Listen: Chris Witts presents Morning Devotions.
In Part 1 we saw that, to start rebuilding your life after a major loss, the first step was to release your grief. In this second part we consider the next steps.
2. Resist bitterness
Bitterness is far worse than any loss, abuse, assault or problem you’ll ever experience. Why? Because it’s holding on to the hurt. That’s what bitterness does. Your past is past. It can’t hurt you any more. The only way it can hurt you is if you choose to hold on to it through bitterness. That’s dumb. You need to let it go. Because bitterness only hurts you. It never solves the problem. It doesn’t change the past. It can’t control the future. All it does is mess up your life right now.
So you need to ask yourself, Do I want to be bitter or do I want to get better? Those are the options. But you can’t have both. You cannot be bitter and get better at the same time. So if you choose to hold on to that hurt—and you will not forgive and you will not let it go and you will hold on to that resentment—you’re choosing to not get better.
Hebrews 12:15 (NASB) says: “See to it that no one comes short of the grace of God; that no root of bitterness springing up causes trouble…” Bitterness just prolongs the hurt. Ask God to replace those feelings with his divine love.
How Do I Resist Bitterness?
A. Accept what cannot be changed.
The truth is, much of life is totally beyond your control. And sometimes the only way to overcome some problems is to accept them. They’re not going to change and you just accept them. Like your past. Your past is past. You can’t change it. You’re just going to have to accept it.
B. Focus on what’s left, not on what’s lost.
After a loss you need to find something to be grateful for. There’s always something to be grateful for. We take so much for granted in our lives and we need to just stop and say, God, I’m grateful! I’ve read that scientists have discovered that the attitude of gratitude is the healthiest emotion you can have. And the more grateful and thankful a person you are, the more emotionally and physically healthy you will be. It’s good for you to be grateful.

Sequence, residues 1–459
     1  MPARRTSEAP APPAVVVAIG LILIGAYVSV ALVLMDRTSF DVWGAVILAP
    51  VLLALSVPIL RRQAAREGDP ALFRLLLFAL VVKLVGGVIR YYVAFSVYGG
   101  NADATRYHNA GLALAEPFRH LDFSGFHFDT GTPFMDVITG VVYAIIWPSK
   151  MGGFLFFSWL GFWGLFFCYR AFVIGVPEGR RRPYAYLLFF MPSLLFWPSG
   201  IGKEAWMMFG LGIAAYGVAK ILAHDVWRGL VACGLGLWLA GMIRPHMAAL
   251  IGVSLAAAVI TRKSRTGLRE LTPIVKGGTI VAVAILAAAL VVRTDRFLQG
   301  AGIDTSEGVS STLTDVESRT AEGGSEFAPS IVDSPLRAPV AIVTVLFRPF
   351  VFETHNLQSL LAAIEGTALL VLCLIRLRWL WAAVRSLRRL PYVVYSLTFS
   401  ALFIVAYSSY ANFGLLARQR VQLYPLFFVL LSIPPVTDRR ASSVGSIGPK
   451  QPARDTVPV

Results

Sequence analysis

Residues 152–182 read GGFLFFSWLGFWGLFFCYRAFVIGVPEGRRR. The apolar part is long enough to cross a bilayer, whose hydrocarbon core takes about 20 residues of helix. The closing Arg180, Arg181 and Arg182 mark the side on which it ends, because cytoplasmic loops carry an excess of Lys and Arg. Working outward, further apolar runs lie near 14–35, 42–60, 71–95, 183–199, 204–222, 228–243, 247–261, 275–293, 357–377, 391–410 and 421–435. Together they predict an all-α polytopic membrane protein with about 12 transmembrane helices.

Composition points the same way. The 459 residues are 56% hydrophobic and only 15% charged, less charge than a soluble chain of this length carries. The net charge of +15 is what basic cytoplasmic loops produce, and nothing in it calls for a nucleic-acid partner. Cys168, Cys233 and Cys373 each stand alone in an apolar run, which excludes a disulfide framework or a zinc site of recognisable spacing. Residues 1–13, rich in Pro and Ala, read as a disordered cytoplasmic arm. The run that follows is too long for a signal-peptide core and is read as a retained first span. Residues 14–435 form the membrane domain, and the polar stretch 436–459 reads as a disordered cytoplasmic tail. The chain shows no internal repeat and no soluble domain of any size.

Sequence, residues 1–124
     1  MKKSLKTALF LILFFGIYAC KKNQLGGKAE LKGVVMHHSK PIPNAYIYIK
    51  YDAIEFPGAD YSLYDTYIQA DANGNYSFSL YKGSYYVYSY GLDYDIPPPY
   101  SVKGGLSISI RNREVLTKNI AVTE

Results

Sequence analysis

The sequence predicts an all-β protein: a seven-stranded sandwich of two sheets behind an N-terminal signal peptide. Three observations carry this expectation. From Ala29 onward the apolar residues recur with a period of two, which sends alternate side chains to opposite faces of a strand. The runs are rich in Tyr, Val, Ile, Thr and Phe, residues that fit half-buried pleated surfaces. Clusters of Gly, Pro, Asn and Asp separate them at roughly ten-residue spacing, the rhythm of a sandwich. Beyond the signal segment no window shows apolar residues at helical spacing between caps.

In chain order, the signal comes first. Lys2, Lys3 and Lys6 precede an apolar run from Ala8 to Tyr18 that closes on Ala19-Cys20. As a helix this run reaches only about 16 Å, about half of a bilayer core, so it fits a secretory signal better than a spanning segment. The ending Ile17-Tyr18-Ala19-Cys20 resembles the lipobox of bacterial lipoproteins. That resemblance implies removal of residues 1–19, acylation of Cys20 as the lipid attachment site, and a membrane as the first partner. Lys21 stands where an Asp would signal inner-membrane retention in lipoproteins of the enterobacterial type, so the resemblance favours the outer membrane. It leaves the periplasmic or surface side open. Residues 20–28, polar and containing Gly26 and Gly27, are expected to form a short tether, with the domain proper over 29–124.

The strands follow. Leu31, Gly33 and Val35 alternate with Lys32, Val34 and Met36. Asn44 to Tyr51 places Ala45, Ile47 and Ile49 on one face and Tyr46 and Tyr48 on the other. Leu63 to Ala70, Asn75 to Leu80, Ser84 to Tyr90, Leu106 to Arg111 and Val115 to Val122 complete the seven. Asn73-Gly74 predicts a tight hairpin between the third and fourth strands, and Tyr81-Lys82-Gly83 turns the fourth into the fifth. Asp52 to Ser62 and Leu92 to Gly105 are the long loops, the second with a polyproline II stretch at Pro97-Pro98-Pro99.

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The truth is, most of the people in the world would love to have your problems. Really! You think your problems are bad, but are you worried about what you’re going to eat next week? Or if you’re going to have a roof over your head tomorrow? Most of the world would love to have your problems. It’s like the old cliché, I complained I had no shoes until I met a man who had no legs. You just need to find something to be grateful for. You focus on what’s left, not what’s lost.
C. Play it down and pray it up.
Particularly if you’re a parent and you go through a crisis, you need to do this with your children. It’s been found that children are traumatised faster than adults. They need reassuring and comfort. Parents don’t need to say to their kids, This is terrible! We’ve lost everything! They need to reassure their kids and say, We’re going to make it. We’re here. God’s here. You’re here. We’re going to make it. You play it down and you pray it up and you talk to God about it.
3. Re-evaluate your life.
Ask yourself, What direction does God want me to take now? Disasters have a way of changing our direction, challenging our conceptions, and redefining our values. It is in a disaster we realise what matters most and what doesn’t matter most.
If you measure your life by how many possessions you have and if your success and your happiness is dependent upon the things you’ve got and the things you’ve collected and the cars and the toys and the boats and the possessions, and if your life is defined by what you own you’re in trouble. Because you could lose it all in a snap! Don’t confuse your possessions with your purpose in life. The Bible says in Luke 12:15: “Don’t be greedy. Owning a lot of things won’t make your life safe”.
So don’t ever confuse what you live on with what you live for. A lot of people have a lot to live on and they have nothing to live for. The greatest things aren’t things. In 1 Timothy 6:7 (NLT) we read: “We didn’t bring anything with us when we came into the world, and we certainly cannot carry anything with us when we die.”
There’s only one thing that cannot be taken from you. That is a relationship to Jesus Christ. Remember Braveheart? What did he say? “You can take our lives, but you can never take our freedom!” Well, not even death can take away the freedom you have in a relationship with Jesus. Matthew 16:26 says: “What will you gain, if you own the whole world but destroy yourself? What would you give to get back your soul?”
At the end of your life do you want to look back and say, See all these things I’ve collected? That’s what I gave my life for. I worked real hard to collect all these things. Houses, cars, boats, clothes. Then you’re going to go into the next life and leave them. That’s not really long-term thinking, is it? It’s pretty short-term thinking to invest all your time and energy in stuff that you’re not going to take with you into the trillions of years you’ll spend in eternity.